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Cindy (my traveling partner on my second trip to Kazbegi) and I met and hung out with some welcoming local residents at a roadside fruit stand and local restaurant.

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Mishvidobit (Peace!)

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All content Copyrighted © Stephen Tavella

 

 

Tribute

We miss you, Major Tom

Photo Jan 11                    You’ve stepped through the door and floated away…

 

Watch Commander Chris Hadfield’s rendition of Space Oddity from aboard the International Space Station

“This is Major Tom to Ground Control
I’m stepping through the door
And I’m floating in a most peculiar way
And the stars look very different today

.                                                            …. and there’s nothing I can do.”

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Listen to David Bowie’s Ashes to Ashes

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… “and you better not mess with Major Tom”

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Vermont/New Hampshire Waterfall book and 2016 calendar for sale – limited number available!

January 10, 2016

Dear Friends,

I am pleased to announce that my new book, Waterfalls of  Vermont and New Hampshire, is for sale in limited quantities and for a limited time only, along with my 2016 Vermont Desk Calendar. I have only 5 books and 3 calendars remaining. Should there be increased demand it may be possible for me to order additional books and calendars, but I cannot guarantee the current pricing I am offering today.

The waterfall book is a beautiful lay flat design with solid, spill-proof pages. 19 pages of long-exposure photography of waterfalls from throughout Vermont and New Hampshire recently photographed on my Nikon DSLR in 2105.

Dimension is 6″ x 8″

Here are screen shots of some of the pages:

Screen Shot 2016-01-10 at 3.29.39 PMThis shows the front and back covers with the book laid out flat.

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Screen Shot 2016-01-10 at 3.30.23 PMThis view shows the last two pages of the book with an index and map indicating location of each waterfall.

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Cost is $25 plus $3.00 shipping. I am sorry, but I can only accommodate U.S. orders at this time. If you wish to order a book, please email me directly at gilbertislands@gmail.com. Payment in the amount of $28 – personal check or cash only – should be made to: Stephen Tavella and mailed to 1171 Wickopee Hill Rd., Dummerston, Vermont 05301. Please provide your mailing address.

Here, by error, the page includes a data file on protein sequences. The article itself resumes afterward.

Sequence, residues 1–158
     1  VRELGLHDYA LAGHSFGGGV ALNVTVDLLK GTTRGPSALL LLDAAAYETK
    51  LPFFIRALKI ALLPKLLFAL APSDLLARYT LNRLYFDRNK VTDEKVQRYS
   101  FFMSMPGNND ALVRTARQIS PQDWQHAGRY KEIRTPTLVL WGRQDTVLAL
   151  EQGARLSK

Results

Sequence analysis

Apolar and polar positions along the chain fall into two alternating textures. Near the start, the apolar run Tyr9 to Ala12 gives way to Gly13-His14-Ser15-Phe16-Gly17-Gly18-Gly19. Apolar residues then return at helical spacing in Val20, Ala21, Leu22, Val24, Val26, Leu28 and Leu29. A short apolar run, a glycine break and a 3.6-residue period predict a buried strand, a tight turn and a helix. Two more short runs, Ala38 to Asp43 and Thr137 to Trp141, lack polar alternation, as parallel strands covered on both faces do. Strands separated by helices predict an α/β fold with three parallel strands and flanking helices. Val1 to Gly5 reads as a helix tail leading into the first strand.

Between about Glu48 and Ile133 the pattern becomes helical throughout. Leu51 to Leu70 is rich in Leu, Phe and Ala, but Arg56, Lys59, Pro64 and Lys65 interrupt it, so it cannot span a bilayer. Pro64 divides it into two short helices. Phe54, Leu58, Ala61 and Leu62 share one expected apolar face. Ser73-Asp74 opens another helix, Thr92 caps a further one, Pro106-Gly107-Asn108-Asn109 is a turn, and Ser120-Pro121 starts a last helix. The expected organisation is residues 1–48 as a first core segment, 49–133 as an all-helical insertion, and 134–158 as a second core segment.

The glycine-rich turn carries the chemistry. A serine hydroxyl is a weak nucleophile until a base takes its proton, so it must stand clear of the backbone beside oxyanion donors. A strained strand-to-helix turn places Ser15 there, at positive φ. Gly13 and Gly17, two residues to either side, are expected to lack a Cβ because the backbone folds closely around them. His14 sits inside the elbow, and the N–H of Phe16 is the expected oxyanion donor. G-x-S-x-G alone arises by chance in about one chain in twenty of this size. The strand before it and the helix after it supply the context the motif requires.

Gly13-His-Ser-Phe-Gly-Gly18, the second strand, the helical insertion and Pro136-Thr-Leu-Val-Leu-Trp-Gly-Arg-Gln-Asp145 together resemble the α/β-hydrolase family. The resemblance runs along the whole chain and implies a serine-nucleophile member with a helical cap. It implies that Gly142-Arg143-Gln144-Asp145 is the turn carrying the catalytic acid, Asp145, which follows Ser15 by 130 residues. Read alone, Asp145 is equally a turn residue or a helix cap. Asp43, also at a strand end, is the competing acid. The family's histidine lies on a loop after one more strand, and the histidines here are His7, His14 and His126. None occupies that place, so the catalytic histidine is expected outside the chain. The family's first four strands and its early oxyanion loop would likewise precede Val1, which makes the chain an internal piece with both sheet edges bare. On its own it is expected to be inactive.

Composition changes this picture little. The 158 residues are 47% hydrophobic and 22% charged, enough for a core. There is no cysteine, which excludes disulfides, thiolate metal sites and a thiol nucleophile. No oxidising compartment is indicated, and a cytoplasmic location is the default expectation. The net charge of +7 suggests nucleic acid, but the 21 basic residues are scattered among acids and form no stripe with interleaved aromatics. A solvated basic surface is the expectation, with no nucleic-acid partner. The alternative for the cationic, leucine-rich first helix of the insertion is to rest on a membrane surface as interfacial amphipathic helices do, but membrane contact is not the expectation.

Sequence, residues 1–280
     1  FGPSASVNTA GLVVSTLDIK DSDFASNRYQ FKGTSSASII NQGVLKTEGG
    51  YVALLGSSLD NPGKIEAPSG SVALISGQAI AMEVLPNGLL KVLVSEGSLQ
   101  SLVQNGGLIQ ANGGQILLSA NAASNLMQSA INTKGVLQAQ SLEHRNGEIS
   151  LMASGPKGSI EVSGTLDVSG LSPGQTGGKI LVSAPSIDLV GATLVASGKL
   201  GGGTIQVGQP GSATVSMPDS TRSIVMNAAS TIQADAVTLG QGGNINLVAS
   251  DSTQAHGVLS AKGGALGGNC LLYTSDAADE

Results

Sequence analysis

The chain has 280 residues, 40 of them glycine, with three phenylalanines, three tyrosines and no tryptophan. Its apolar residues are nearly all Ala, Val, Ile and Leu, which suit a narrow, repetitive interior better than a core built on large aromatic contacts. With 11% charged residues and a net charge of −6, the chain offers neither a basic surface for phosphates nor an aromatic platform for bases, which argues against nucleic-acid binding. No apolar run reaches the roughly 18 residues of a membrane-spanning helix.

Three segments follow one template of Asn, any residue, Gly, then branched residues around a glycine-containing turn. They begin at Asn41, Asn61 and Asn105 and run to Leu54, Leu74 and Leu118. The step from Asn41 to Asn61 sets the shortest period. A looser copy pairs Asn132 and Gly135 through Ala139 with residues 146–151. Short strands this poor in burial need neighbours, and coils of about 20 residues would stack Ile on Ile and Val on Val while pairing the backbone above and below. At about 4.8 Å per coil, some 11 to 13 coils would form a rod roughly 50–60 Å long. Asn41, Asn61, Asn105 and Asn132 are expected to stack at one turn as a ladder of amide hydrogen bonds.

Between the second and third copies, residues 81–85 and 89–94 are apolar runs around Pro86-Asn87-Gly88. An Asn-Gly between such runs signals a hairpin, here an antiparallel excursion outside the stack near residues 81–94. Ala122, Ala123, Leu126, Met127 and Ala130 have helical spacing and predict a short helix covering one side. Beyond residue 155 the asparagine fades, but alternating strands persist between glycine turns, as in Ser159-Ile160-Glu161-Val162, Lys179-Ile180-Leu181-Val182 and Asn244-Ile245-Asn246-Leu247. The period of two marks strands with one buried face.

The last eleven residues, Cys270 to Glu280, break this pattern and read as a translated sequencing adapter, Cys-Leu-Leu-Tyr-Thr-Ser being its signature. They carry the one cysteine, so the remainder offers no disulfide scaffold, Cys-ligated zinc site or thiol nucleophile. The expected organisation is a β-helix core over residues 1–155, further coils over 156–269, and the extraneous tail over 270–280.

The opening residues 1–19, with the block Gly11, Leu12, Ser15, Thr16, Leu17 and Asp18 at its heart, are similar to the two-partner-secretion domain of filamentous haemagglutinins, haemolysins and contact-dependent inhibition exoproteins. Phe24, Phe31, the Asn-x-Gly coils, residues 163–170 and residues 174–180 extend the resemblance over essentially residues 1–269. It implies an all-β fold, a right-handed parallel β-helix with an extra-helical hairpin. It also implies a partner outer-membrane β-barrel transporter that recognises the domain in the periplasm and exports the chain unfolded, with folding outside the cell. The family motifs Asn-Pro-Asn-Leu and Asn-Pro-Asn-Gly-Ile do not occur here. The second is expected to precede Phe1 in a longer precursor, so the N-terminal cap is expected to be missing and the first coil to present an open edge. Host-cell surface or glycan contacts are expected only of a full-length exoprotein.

Allow at least two weeks for delivery.

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I also have three 2016 desk calendars remaining. This is a high quality calendar featuring over a dozen of my own photographic images throughout the seasons of Vermont. Dimension is 5.5″ x 10.8″. Here are some of the images from the calendar (images on the calendar itself are much higher quality than the lower resolution screen shots shown here).

Cost is $15 + $3.00 shipping. Same terms and mailing address apply as stated above for the book.

Screen Shot 2016-01-10 at 3.32.27 PMFront page

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Screen Shot 2016-01-10 at 3.33.43 PMDecember

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If you are not satisfied with the product upon receipt, please return it, postage paid, and I will refund your money. However, I feel strongly that you will not find a calendar of this quality at this price.

To all those who have supported my blog and my work I want to say THANK YOU! You are all so kind and generous.

Coming right up after this post, an introduction to one of the most beautiful countries I have visited and lived in on the six continents I have been blessed to experience on this magnificent blue planet. And with that thought in mind, I will end by asking each of you to contribute just a little bit to keeping it magnificent and sustainable for the younger generations and those who have yet to come.

Sending all my blessings!

Peace and love (I really mean it!!)

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All content copyrighted  © Stephen Tavella

Waterfalls of Vermont (and New Hampshire)